‘Can’t they just peruse the gallery and enjoy the photos without all the pomp and circumstance?’ I wondered aloud as I jammed bottles of white wine into the cooler of ice. ‘The art should really speak for itself.’

‘But this is the way we do it,’ said Kuko, a painter and gallery assistant who’d been a huge help in the setup process – and with a decent English vocabulary he’d also become our cultural interpreter. ‘All the openings go like this, official process.’

‘It’ll be fun, just go with the flow,’ Kriya affirmed in her perky, positive Americana manner, a manner I realized I’d been missing, living amidst the demure verguenza of small-town central Mexico.

She was right, I’d given lots of intro speeches in Mexico already, I’ll improvise, speak from the heart, mind my conjugations, I told myself, as I rummaged through our bags and realized we’d forgotten the bottle opener. I motioned to Adoracion’s son, Alejandro, in the courtyard and handed him 50 pesos to run to Waldo’s for an ‘abrabotella.’

The final photo tag hung, the registration table setup, the wine on ice, we took a step back to gaze at the gallery, the amber light, the regal cake ready to be sliced, the space in beautiful, calm order. Listo,’ we agreed, exhaling. Then I took a breath and rushed into courtyard to take a seat at the head table before an audience of familiar, smiling faces. And in this sudden quiet moment under the stars I remembered what I was here for – promover la paz y amistad mundial.

So proud to (attempt to) uphold this mission, I took the microphone and let it flow – told the audience how appreciative I was for their presence and excited to share my perspective of their pueblo with them. And I hoped, in turn, they would share with me their reactions, impressions, questions – because that’s the purpose of art, to create dialogue. Well, I hoped that’s what I said – that across the language barrier they got the gist.

After some light applause we filed toward the gallery behind the Regiadora and the Art Director who carried three pairs of scissors on a red velvet pillow. Just go with the flow, Anne, I told myself, as we paused at the door before the giant orange ribbon. (I’d wondered what that secretary was doing all day long making a giant bow as we rushed to get the gallery ready! Now I knew.)

‘This is the first time I’ve done this,’ I admitted aloud, giddily, selecting a pair of scissors, pausing to pose for the cameras. Then simultaneously we cut the ribbon and the guests filed in, filling the gallery with their energy and curiosity.

The thing I love most about putting on a show is watching the people take-in the images and wonder what’s going on in their heads. Many loved the Flying Nina because she just made them smile, and my elote man, Serapio, who Kuko told me is as funny as his picture and an expert in bird calls. Others loved Sombreros Eschuchando – Hats Listening – I’m not sure why, a different way of looking as such a common scene, perhaps. The Garcias, who run the best beauty salon in town, discovered their sons in my Palm Sunday photo and stood there pointing and marveling.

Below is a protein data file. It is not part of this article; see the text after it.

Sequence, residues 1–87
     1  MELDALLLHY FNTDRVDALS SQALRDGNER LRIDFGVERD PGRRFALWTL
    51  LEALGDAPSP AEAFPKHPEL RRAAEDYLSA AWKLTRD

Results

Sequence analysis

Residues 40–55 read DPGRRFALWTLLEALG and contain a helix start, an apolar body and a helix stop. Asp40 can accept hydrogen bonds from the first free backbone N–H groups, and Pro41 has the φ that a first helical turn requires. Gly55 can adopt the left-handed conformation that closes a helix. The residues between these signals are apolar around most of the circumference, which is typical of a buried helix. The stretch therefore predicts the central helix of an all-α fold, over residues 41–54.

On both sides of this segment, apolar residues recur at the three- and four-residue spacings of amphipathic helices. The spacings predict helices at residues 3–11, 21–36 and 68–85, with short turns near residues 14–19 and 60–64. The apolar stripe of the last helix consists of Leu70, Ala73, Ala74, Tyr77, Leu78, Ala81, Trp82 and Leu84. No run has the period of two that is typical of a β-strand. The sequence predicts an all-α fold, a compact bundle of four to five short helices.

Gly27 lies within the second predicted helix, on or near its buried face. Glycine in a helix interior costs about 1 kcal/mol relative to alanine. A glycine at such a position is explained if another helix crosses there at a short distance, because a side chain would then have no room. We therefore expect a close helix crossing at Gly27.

We snapped photos – photos of photos and us in front of the fotos – around the urns – a chorus line of the mujeres of Puente. We made a toast and reluctantly cut into the beautiful cake, made by Sophia, a piece of art itself, decorated with the Mexican and American flags and the Peace Corps seal, and oozing with chocolate, strawberries and cream. The guests lined up to buy 10 peso postcards of the photos which I signed with personal notes, small recuerdos they could take home – and the proceeds helped pay for the big pastel.

Then suddenly, in typical Mexican style, we were all informed we had to leave. The funcionarios had removed the food and shut-down the music. It was 9 pm and there was no guard on duty and apparently they had to close. Of course there hadn’t been a guard there all day – Cesar had not shown up for work. Daniel and the ladies in the office were simply ready to go home. But they could not get the conversations to stop and the people out the door – so they gave-up and just left us there in the gallery to continue our chatter and finish off the last of the wine. As the crowd dwindled down to just a few of us, the diehards, we started getting silly, hanging out the barred windows of this former prison, pleading for freedom, snapping more photos for posterity. Eventually Kuko and Kriya and I closed and locked up, then wandered the streets giving out leftover cake.

A few days later, after all the excitement had died down and Peace Corps life was getting back to normal, I was walking the sweltering streets of Rioverde and feeling the slightest bit of post-show depression. None of my co-workers at SEMARNAT or the Municipio had shown-up, and I wondered why. Did I even have an impact, was it all worth it? What does art matter anyway, in the work of development?